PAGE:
• 9. Types of Logo’s • There are a number of ideas floating around about what a logo really is. If we were to ask most people what a logo is, they would have a variety of different answers, but they would probably all be right in one way or another. • The reality is, there are a number of different types of logo “marks” you could choose to utilize for yourself. In this article, we’ll briefly explain the 5 main types of logos and show some examples of each you’ll probably recognize.
  • 10. 1.Symbol or Icon • This type of logo represents the company in a simple but bold manner. In most cases, the image is abstract and stylized to give visual interest. • Most companies that use this type of logo will have a very simple main logo, but may choose to create additional alternative versions that appear a little more flashy. • The human mind can easily remember a simple form much easier than a complex one. • Examples:
  • 11. 2.Word Mark • These are uniquely styled text logos that spell out the company or brand name. Many times, custom fonts are created specifically for brands to use across all their marketing and branding collateral. Some examples include Facebook, Disney and Sony.
  • 12. 3.Letter Mark • Lettermark’s are exclusively typographic. They use a symbol representing the company through the use of its initials or the brands first letter. Many companies choose to use this type of logo because their initials can better graphically illustrate the company better than the full name (name is too long), the name is hard to pronounce, or it’s just not distinct enough to carry its own weight. Some companies and organizations that use lettermarks include Hewlett-Packard, Chanel and General Electric.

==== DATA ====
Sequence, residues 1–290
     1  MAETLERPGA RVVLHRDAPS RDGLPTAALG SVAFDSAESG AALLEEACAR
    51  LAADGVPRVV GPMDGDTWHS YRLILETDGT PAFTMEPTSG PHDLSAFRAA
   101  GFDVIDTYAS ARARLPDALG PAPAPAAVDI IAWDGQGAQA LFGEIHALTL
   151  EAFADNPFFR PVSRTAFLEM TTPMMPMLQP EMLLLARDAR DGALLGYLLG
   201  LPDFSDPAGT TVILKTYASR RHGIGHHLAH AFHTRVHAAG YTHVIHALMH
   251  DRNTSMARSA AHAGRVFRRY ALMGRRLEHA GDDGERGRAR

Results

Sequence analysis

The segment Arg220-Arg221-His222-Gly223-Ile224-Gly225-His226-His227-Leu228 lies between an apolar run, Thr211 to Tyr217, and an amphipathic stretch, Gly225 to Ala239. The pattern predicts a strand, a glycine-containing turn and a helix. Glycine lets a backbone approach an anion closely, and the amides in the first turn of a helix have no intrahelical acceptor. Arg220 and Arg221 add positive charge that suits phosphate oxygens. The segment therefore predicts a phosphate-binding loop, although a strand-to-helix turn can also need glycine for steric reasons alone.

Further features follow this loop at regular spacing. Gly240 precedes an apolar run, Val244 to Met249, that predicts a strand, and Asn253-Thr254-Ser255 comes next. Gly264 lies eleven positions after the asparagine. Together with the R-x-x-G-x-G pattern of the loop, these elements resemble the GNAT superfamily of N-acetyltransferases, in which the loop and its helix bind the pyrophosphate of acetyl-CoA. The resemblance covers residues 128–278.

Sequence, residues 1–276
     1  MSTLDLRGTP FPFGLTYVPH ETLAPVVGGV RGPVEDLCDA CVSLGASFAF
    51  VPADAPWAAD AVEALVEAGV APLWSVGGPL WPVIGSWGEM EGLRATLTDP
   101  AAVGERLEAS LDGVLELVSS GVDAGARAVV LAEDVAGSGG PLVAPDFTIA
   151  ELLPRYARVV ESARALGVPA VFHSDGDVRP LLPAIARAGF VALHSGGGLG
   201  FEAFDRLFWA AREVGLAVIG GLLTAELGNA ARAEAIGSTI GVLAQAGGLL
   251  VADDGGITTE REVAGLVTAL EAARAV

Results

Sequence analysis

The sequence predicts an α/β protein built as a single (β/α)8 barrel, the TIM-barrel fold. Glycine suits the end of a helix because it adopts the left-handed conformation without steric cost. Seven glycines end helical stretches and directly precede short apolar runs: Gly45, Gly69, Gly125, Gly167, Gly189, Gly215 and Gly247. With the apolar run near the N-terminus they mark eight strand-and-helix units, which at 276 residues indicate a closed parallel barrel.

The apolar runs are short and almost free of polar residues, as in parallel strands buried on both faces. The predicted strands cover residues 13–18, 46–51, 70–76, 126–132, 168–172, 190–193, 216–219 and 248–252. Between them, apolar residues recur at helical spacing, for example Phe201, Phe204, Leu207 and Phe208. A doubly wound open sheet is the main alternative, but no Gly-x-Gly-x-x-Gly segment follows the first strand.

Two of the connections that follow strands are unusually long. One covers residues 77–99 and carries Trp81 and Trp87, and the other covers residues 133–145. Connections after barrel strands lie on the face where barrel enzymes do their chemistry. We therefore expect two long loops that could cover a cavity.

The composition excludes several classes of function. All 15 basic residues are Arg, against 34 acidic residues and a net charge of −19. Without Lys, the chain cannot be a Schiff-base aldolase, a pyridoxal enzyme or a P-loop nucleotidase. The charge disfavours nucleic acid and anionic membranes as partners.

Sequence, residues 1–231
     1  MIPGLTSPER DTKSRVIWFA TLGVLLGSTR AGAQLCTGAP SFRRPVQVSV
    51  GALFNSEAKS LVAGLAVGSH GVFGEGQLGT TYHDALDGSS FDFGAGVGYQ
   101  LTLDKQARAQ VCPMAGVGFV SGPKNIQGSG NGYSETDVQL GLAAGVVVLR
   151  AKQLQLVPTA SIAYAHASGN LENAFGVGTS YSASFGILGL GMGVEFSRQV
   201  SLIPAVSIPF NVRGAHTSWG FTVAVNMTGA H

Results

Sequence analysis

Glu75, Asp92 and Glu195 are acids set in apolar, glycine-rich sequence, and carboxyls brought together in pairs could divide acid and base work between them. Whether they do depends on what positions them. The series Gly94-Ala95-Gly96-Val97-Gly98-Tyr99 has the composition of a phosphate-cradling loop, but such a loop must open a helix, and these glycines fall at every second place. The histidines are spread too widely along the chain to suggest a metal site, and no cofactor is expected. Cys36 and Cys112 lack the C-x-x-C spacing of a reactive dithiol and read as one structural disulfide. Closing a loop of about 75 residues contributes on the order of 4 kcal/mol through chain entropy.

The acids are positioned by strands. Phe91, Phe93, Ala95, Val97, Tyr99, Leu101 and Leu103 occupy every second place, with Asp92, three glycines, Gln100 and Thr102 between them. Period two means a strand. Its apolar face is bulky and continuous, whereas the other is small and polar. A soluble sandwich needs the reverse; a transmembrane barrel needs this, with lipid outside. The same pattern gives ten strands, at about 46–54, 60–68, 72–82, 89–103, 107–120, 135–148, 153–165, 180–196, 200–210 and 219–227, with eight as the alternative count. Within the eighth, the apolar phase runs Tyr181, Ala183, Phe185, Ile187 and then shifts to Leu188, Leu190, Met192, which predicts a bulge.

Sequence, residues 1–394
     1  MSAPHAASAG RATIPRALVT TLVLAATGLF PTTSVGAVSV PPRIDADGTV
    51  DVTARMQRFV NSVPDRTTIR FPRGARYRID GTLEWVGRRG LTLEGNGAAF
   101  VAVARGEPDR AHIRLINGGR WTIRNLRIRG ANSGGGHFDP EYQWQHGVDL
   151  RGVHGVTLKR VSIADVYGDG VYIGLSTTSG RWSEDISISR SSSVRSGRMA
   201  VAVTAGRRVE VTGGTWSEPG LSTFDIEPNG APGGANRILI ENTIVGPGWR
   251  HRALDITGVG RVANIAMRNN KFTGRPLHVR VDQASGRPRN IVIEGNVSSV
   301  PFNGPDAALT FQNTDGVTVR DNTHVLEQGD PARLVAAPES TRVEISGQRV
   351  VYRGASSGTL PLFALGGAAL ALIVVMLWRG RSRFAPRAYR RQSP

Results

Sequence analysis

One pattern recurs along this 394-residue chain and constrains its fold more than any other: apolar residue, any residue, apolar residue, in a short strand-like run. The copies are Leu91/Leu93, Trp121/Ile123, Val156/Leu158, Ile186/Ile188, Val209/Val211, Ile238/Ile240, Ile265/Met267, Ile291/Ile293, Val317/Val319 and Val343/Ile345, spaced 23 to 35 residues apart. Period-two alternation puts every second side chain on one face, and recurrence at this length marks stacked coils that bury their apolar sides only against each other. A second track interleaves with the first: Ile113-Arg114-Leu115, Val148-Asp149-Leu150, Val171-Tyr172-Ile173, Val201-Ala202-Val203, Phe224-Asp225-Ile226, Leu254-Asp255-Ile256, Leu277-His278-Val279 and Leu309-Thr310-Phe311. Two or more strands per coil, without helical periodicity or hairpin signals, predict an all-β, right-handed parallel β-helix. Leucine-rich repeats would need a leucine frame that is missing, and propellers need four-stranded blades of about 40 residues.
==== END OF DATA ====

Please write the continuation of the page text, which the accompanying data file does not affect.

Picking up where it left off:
• 13. 4.Combination Mark • These logos combine a word mark and a symbol or icon to give the flexibility for the use of either or both elements across a variety of applications. A well-designed combination mark looks just as good with the elements separate as it does with them together. You might recognize some combo marks like Hawaiian Airlines, Adidas and Sprint.
  • 14. 5.Emblem • An emblem logo encases the company name within the design. Some examples include Starbucks, the NFL and Harley-Davidson Motorcycles.
  • 15. Elements of Logo Design  CAPTURE PERSONALITY • Logo should clearly express a company’s identity. • Should tell people who they are, what they do, how they work and how they want to be seen by the rest of the world.  SIMPLICITY • People are drawn to clean, uncluttered logos because they can easily recognize it at a glance. • Busy, crowded logos with intricate details or elaborate pictures are distracting.
  • 16.  COLOUR PALETTE • 80% of the world’s most recognizable logos use either 1 or 2 colours. • Generally 1 to 3 colours are used to keep things simple • More than three colours is distracting to the eye and less memorable  PROPORTIONALITY • A logo should function as one complete unit. • Width shouldn’t be much greater than the height. • Logos that are too tall are hard to read when reduced or enlarged. • The design should work well on any sized media – from business card to billboard.  FONTS • A font that suits the personality of your business.